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Interfaith Tolerance: A Main Ingredient for Peace?

The U.S. Conference of Catholic Bishops acknowledges a troubled history in Christian-Muslim relations -- a past that includes the crusades and holy wars of the Middle Ages. American bishops point to recent efforts at reconciliation by the Catholic Church, including Pope John Paul II's visit to a Christian and Muslim holy site in Syria in 2001. How will Pope Benedict XVI foster interfaith understanding?

Some Muslim militants liken tensions between Christianity and Islam to religious wars of the past. In a video two years ago, Al-Qaida's Ayman al-Zawahiri compared Pope Benedict XVI to Pope Urban II who launched the crusades in the 11th century.

Some scholars point to the September 11, 2001 terrorist attacks on the United States, saying that Muslim-Christian tensions are ever present.

But historian John Voll of the Prince Alwaleed bin Talal Center for Muslim-Christian Understanding at Georgetown University says that overall, response to the September 11 attacks has been constructive. According to Voll, "The most remarkable thing was the number of requests that we got not for people who would come and talk about how terroristic Muslims were, but rather for help in organizing Muslim-Christian dialogue in local communities."

Voll says that although violence captures newspaper headlines, many Muslims and Christians around the world are engaged in cooperative activities. "I think that in the 21st century, with Internet, with communication, with globalized transportation, you have a very high frequency of people who happen to be Muslim working together in corporations or in non-governmental organizations with Christians, and their religion does not count," says Voll.

Promoting Interfaith Dialogue

During the past four decades, the Catholic Church has promoted interfaith reconciliation. In 1965, for example, the Second Vatican Council appealed to Christians and Muslims to overcome their differences and to work for peace and understanding.

In 2001, Pope John Paul II was hailed for visiting the revered Ummayad Mosque in Syria and for urging dialogue between what he called "two great religious communities".

In October of last year, some 130 leading Muslim scholars from around the world issued a letter calling for peace and understanding between Islam and Christianity -- saying the survival of the world depends on it.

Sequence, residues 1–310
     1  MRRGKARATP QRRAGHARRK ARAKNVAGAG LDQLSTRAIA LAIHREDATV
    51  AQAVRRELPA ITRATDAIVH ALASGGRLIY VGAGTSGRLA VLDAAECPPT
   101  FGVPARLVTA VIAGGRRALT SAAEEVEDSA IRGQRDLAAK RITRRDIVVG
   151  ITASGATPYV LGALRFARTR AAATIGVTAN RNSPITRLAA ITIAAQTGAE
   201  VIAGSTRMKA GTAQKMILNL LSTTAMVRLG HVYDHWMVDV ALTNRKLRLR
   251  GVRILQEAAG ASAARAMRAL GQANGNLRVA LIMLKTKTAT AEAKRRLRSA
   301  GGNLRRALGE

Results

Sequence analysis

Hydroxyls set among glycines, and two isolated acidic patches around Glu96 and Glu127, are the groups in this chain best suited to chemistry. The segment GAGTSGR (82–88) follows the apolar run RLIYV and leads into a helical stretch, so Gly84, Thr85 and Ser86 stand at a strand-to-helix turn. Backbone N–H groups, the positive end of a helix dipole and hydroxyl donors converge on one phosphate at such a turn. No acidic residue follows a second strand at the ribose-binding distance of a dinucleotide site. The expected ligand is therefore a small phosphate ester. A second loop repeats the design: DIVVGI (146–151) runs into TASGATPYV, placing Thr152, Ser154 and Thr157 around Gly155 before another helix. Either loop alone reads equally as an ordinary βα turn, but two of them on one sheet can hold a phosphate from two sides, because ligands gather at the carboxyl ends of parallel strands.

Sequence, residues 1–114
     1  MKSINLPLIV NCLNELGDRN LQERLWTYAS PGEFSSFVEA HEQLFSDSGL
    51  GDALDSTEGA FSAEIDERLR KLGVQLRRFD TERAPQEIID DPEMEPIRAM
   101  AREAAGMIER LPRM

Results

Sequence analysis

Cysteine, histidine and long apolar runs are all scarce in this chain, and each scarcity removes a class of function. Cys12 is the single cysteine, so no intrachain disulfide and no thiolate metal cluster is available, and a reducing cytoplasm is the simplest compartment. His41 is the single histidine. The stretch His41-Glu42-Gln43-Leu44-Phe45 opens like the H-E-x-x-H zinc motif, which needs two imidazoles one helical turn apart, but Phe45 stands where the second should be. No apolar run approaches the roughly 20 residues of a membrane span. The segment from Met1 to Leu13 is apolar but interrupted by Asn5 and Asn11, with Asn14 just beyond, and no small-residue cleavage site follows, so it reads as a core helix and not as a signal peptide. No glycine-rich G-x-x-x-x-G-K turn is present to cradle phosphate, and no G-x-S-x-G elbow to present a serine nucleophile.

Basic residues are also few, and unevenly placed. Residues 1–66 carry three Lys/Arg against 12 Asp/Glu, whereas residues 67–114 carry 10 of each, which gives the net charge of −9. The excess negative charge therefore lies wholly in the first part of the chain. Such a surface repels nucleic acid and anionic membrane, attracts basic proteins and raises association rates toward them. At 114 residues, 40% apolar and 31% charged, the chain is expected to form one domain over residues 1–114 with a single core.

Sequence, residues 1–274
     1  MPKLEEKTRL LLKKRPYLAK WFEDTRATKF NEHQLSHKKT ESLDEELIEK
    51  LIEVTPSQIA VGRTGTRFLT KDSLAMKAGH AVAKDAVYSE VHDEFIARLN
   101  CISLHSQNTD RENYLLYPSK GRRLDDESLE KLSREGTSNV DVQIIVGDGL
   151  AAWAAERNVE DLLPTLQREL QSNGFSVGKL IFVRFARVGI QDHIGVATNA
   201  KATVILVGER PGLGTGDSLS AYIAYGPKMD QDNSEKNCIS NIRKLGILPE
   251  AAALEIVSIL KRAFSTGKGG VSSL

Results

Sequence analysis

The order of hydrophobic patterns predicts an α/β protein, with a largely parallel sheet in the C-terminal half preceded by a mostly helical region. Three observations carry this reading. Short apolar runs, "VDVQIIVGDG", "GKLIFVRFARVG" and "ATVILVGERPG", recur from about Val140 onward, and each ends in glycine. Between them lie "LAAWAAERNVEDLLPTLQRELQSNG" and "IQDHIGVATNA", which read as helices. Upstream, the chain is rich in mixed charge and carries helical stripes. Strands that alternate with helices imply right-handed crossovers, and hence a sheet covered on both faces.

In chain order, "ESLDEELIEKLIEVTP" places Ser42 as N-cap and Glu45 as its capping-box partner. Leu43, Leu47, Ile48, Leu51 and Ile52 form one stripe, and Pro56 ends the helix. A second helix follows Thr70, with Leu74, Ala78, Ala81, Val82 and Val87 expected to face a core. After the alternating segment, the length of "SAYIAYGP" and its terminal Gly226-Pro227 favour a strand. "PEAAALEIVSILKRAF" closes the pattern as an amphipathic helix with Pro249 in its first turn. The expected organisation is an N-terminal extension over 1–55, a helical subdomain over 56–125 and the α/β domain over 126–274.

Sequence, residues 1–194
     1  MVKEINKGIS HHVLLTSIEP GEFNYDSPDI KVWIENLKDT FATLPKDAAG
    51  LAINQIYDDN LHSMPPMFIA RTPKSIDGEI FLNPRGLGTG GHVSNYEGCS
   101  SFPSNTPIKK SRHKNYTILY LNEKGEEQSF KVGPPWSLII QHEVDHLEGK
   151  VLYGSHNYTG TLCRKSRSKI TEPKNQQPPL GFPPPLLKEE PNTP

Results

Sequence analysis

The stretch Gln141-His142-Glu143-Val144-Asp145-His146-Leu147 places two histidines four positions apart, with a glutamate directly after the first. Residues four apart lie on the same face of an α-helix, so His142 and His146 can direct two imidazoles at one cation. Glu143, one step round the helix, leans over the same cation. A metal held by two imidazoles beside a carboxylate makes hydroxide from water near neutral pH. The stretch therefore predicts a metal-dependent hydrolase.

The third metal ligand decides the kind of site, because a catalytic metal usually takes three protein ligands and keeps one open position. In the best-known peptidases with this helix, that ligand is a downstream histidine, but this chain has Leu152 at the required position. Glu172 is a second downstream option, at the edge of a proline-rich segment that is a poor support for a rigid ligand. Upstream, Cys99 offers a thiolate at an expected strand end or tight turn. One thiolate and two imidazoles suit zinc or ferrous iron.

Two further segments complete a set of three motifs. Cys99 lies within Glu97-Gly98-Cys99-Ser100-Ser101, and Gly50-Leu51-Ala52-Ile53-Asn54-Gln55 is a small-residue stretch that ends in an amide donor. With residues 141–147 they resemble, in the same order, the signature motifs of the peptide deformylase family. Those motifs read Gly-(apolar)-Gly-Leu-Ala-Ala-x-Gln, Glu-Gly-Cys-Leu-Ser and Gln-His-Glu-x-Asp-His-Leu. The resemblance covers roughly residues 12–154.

"I really think that this initiative that has come from Muslims for theological dialogue based upon the principles of love of God and love of neighbor is very positive," says John Borelli, a Georgetown University theologian and National Coordinator for Interreligious Dialogue at the U.S. Jesuit Conference. "The Vatican has responded and what will come out of this will be the largest Muslim dialogue that the Vatican has co-sponsored."

Professor Borelli adds that the conflict between Palestinians and Israelis and the future of Jerusalem are the most contentious issues affecting Muslim-Christian relations.

Borelli says Muslim American leaders will participate in interfaith activities during Pope Benedict's visit to the United States.

Religious Tolerance and World Peace

Nearly two years ago, the pope angered many Muslims around the world when he quoted a 14th century Byzantine emperor who criticized the teachings of the Prophet Muhammad. The pontiff later expressed deep respect for all Muslims.

Parvez Ahmed, Chairman of the Council on American-Islamic Relations, says disparaging Islam in the Christian world is a serious challenge for interfaith tolerance. "Many mainstream religious leaders have said very derogatory things about the Prophet Muhammad, about Islam and about Allah in a way that if it had been said for any other faith or any other group, there would be a major, major backlash on it," says Ahmed. "Unfortunately, these important figures -- religious and political figures -- made these hateful comments about Islam and in some sense they got away with it."

Ahmed says that while Muslims need to follow the teachings of Islam, they should respect other faiths to foster better relations.

Keith Ellison is the first Muslim American to be elected to the United States Congress. Representative Ellison says all it takes for Muslims to have better relations with Christians is to follow the lessons of their faith. "Those lessons that speak to religious tolerance, those lessons that speak to gender equality are the things that we should rely on," says Ellison. "And the world of Islam should never operate on the basis of fear because from fear we get exclusion; from fear we get harsh action, desperate action, and rageful action."

Pope Benedict, who recently has appealed for an end to the Israeli-Palestinian conflict in the Middle East and interreligious violence in Africa, says religious and intercultural dialogues are necessary to forge world peace.

This story was first broadcast on the English news program,VOA News Now. For other Focus reports click here.